The requisite plastic basin, bedpan, cups, kidney dishes all in hideous matching pink, etc were a useless recycling nightmare. But there are some notable and useful exceptions ->>> toothpaste, toothbrushes, and those nonskid slippersocks
In the hospital people leak and staff steps in it. People bleed, puke, have diarrhea, urinate, ooze all sorts of pus which is dabbed at which things that wind up on the floor. Relatives also track in stuff from the street to mix with all of this. Walking barefoot, even on a freshly mopped hospital floor is nuts. (Have you ever looked in a mop bucket?) Of course maybe the socks just hold icky stuff close to your feet and carry it into bed with you. No rationale for or against the socks was given.
In addition she went two days without brushing her teeth - we would have gladly provided a brush and paste if we only knew the hospital no longer did. Dear local hospital -- if you are not going to provide these items - we understand ---BUT YOU NEED TO TELL PEOPLE. Or maybe if she had asked these would have been forthcoming as well. Maybe this is the Don't Ask, Don't Get policy. Fair enough. Just tell us. Of course some things you ask for and do not get. My relative, whose chart contains a whole era of syncope due to dehydration, asked six times for water until she got some. This might be the result of understaffing.... But it is a problem....
There were other changes from my relatives multiple previous visits over the last ten years. The method of re-situating people in a hospital bed has changed. There used to be an extra sheet under the torso, nurses could each grab a side and heave without touching the patient. They have reverted to dragging them by the armpits and asking them to hitch up while pushing - which is sort of futile without nonskid slipper socks. Another reason to keep the socks. I guess the extra linen was too expensive.
Something happened that has never happened before to us in many life-saving trips - a near miss at a wrong IV treatment. A person appeared at my relatives bedside early in the morning and said "I have your sugar." This is my relative who cannot take statins and whose triglycderides are already stellar. My relative who is not diabetic. If she hadn't been awake and alert or hadn't the presense of mind to argue that she didn't get sugar and had never had it before - the drip would have been attached to the pre-installed just-in-case IV Shunt. No name checking, no order checking, just fill -er up and hurry off to the next mistake.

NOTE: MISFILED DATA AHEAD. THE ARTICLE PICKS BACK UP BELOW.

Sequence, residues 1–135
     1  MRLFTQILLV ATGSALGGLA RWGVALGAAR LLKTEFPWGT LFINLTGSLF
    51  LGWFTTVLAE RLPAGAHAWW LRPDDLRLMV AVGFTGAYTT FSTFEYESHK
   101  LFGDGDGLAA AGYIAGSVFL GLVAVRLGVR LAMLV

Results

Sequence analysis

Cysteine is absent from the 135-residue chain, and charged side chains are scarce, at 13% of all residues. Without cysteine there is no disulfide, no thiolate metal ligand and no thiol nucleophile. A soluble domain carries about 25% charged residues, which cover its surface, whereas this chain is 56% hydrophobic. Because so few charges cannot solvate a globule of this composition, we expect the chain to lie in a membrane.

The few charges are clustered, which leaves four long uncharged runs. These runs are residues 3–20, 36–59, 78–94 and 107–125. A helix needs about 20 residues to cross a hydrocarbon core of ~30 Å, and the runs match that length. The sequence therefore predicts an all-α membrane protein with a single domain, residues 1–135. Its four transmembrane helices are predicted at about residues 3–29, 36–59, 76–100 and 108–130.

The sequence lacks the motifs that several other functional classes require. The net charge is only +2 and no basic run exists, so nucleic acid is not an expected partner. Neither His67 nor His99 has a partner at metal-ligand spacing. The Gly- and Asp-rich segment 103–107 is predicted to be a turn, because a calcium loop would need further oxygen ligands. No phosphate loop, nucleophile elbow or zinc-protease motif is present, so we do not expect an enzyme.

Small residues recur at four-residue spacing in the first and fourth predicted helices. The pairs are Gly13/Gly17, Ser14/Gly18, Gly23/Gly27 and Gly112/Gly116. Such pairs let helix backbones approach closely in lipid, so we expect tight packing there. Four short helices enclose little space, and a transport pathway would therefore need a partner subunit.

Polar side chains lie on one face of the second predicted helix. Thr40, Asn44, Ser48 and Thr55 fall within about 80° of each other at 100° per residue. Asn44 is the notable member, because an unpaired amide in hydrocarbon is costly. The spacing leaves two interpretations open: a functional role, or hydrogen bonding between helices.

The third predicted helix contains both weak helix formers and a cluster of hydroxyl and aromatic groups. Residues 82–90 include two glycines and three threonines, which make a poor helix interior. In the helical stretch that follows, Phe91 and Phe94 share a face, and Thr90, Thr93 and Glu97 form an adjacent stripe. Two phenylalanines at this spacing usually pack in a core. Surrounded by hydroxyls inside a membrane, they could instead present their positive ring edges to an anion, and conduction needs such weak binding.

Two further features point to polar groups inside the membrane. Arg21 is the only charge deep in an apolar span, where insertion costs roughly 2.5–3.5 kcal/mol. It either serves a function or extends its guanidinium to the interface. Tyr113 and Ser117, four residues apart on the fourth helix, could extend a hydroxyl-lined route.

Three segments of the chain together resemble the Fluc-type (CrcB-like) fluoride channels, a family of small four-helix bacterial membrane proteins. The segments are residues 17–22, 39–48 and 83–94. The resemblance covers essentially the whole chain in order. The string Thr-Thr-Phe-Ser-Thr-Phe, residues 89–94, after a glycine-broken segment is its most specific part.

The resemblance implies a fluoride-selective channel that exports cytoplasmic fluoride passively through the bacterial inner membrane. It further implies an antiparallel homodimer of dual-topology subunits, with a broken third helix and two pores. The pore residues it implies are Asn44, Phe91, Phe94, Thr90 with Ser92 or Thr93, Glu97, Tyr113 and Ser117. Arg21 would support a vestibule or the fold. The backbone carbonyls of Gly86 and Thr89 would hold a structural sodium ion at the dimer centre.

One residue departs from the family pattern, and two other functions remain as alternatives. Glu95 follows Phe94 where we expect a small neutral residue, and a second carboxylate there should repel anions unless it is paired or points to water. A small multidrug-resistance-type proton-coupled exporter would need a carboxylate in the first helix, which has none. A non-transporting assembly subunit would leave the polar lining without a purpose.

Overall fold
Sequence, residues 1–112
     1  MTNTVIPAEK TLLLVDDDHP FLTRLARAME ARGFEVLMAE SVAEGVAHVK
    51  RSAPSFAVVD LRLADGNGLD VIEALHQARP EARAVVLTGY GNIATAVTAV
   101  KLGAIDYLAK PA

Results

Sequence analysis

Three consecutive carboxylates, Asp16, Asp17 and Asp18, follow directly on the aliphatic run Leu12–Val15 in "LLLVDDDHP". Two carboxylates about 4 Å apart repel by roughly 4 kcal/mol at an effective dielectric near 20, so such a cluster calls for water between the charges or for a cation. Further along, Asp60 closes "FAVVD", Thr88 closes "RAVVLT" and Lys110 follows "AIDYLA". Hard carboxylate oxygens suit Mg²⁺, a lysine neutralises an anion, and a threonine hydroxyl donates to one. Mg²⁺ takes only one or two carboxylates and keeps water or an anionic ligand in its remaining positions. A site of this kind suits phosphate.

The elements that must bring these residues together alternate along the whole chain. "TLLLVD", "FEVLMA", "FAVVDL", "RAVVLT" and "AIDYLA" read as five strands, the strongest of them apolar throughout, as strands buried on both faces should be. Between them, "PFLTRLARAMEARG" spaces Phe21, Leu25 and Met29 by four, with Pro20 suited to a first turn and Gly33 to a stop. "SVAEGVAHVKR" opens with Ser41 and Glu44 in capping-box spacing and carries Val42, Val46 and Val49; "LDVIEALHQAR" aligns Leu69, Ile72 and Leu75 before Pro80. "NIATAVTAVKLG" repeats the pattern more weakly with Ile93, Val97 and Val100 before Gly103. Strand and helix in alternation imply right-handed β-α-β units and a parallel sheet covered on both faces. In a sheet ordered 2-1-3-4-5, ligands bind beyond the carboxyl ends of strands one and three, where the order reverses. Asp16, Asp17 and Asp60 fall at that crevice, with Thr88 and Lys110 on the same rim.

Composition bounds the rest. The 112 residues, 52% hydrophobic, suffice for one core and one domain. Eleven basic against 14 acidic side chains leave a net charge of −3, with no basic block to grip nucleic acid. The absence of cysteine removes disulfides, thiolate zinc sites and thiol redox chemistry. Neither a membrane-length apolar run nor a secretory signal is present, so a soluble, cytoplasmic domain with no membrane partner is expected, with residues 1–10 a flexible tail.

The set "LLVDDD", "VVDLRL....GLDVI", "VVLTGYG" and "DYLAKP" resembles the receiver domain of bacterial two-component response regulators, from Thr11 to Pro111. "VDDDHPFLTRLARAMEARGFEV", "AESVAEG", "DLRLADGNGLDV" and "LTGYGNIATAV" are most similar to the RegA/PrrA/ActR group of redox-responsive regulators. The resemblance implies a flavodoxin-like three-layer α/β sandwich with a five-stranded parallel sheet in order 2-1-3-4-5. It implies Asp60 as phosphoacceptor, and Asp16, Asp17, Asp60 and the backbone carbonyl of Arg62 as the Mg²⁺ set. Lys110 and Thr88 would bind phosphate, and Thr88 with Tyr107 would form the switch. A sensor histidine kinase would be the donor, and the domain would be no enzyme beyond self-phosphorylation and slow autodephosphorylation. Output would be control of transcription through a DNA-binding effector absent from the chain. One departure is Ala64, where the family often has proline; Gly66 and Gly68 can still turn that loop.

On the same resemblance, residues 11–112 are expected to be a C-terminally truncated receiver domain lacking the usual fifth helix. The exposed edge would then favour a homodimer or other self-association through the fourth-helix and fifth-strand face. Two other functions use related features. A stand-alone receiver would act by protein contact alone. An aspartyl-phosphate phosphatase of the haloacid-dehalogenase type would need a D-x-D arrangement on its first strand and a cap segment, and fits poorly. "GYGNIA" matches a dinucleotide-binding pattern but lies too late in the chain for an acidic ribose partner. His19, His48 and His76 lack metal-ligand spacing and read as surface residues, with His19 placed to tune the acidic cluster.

Another thing was going on - rooms I noticed were being scrubbed out by people in disposable blue suits. My relative was not allowed to use the bathroom in the second room she was in (which is why she was asking for water) -- and she believes that was because the rooms other occupant was contagious and was already using it. The doctors who visited this patient spoke to her with masks on.... One can only imagine- and still they were all walking barefoot. It makes you wonder for sure.
I will give kudus for niceness. People were very pleasant. And to the transport people who repeatedly asked for names and dates of birth to make sure they were wisking away the right patient. Of course this is academic for me, as this hospital which is a three minute drive from where I live will not take my Charter Oak Insuranse. I have to drive to Waterbury, Hartford or New Haven. After this recent encounter - I don't really mind.